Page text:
The bank reported fiscal Q2 2021 earnings of $4 billion, an increase of $2.5 billion from the same period last year. Return on equity was above 19%.
The Canadian banks all set aside significant funds to cover potential losses due to the pandemic. Royal Bank booked provisions for credit losses (PCL) of $2.1 billion in fiscal Q2 2020. A year later, the bank appears confident the worst-case scenario has been clearly avoided. Royal Bank reversed $260 million in PCL in the most recent quarter.
Royal Bank continues to sit on significant excess capital. The company finished fiscal Q2 with a CET1 ratio of 12.8%. Once government aid ends and the banks get a clear picture of the loan defaults that will occur, Royal Bank will have several options to deploy the extra cash.
A generous dividend hike and share buybacks are likely on the way as soon as the government gives the banks the green light to restart handing out the cash hoard. Royal Bank might also look to make an acquisition to boost growth. The bank spent US$5 billion to get back into the U.S. market a few years ago and could look to add to the business.
The stock trades near $126 per share compared to less than $80 at the 2020 low. At the current price, Royal Bank provides a 3.4% dividend yield.
A $10,000 investment in Royal Bank 25 years ago would be worth about $325,000 today with the dividends reinvested.
TD reported adjusted Q2 2021 earnings of $3.8 billion, up 136% from the same period last year. Adjusted return on equity came in at 17.1%.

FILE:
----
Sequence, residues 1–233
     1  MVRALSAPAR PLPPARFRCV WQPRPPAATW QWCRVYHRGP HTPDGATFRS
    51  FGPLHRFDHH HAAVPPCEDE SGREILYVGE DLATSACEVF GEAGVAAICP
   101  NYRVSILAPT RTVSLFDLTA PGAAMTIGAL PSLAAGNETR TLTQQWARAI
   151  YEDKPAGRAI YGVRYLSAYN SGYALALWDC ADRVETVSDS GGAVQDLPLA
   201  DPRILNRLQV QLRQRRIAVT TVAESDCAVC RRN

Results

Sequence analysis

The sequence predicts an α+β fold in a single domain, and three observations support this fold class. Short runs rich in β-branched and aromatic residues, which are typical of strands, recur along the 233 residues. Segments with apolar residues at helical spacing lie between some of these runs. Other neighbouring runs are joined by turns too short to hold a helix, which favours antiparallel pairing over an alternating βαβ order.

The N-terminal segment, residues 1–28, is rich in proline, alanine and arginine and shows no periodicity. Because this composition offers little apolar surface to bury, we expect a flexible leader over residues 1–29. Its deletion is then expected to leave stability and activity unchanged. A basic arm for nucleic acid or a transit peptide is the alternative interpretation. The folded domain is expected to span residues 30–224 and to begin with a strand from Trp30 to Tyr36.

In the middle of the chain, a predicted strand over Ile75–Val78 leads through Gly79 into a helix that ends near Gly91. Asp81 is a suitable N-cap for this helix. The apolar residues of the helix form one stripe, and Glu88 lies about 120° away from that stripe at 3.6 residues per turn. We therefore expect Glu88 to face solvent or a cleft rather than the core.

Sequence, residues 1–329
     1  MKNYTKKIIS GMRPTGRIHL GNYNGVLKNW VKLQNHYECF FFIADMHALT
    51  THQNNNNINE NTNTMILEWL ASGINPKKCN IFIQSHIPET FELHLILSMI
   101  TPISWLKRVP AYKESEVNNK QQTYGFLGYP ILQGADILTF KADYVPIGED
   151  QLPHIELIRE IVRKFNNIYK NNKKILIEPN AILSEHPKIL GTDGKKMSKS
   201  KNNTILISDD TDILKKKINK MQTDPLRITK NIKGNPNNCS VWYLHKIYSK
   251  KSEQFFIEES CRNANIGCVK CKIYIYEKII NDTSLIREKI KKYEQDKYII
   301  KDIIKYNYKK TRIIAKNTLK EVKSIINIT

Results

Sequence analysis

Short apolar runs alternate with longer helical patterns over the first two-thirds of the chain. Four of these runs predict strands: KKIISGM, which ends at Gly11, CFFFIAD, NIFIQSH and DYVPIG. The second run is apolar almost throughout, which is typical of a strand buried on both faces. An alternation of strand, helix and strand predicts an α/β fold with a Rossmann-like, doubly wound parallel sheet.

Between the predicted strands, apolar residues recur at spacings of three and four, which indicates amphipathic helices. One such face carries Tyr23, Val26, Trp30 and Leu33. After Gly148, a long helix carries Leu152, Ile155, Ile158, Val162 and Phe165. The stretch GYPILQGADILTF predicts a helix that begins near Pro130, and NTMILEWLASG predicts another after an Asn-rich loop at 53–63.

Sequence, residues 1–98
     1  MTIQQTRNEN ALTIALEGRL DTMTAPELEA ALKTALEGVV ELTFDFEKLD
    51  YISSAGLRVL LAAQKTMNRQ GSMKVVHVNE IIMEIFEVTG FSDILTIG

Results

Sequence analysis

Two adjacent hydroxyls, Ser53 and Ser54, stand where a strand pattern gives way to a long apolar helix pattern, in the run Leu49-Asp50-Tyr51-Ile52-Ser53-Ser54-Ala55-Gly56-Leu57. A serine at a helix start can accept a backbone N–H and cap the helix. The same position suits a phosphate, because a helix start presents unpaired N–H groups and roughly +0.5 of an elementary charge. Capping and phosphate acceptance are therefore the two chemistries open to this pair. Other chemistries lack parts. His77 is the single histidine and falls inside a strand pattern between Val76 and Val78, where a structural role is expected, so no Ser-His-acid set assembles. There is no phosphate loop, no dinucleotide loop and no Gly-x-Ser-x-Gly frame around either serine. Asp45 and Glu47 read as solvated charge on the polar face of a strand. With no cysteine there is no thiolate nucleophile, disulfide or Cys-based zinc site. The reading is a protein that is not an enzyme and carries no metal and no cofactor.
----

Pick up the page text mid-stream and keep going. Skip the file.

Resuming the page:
Like Royal Bank, TD booked significant PCL last year and is now starting to release or recover the funds it deems no longer needed to cover potential losses. TD reported a $377 million PCL recovery for the three months ended April 30.
TD finished the quarter with a CET1 ratio of 14.2%. The large PCL reversal, as with Royal Bank’s, indicates the bank won’t take the losses it planned for last year. The huge capital reserve will likely be deployed as generous dividend increases and share buybacks.
TD is also widely viewed by analysts as the most likely to use the extra cash to make an acquisition in the United States. The bank spent billions over the past fifteen years to build its American business and the time might be right to expand the business.
TD trades close to $87 per share at the time of writing. It bottomed out around $53 last year during the worst of the March crash. The dividend yield at the current price is about 3.6%.
Long-term investors have enjoyed great returns. A $10,000 investment in TD 25 years ago would be worth $329,000 right now with the dividends reinvested.
Is Royal Bank or TD a good buy today?
Royal Bank and TD are top-quality stocks that have delivered fantastic returns to investors over the past 25 years. That said, neither stock appears cheap at the current price and the shares offer average dividend yields right now.
TD gives investors better exposure to the U.S. economic recovery through its large American retail banking operations. Royal Bank is known for its strong capital markets and wealth management businesses. The stocks look a bit expensive, but both companies arguably deserve to be anchor long-term holdings in a Tax-Free Savings Account (TFSA) or RRSP portfolio.
I would probably split a new investment between the two companies today and look to add to the positions on the next market pullback.
This article represents the opinion of the writer, who may disagree with the “official” recommendation position of a Motley Fool premium service or advisor. We’re Motley! Questioning an investing thesis — even one of our own — helps us all think critically about investing and make decisions that help us become smarter, happier, and richer, so we sometimes publish articles that may not be in line with recommendations, rankings or other content.
Fool contributor Andrew Walker owns shares of TD Bank.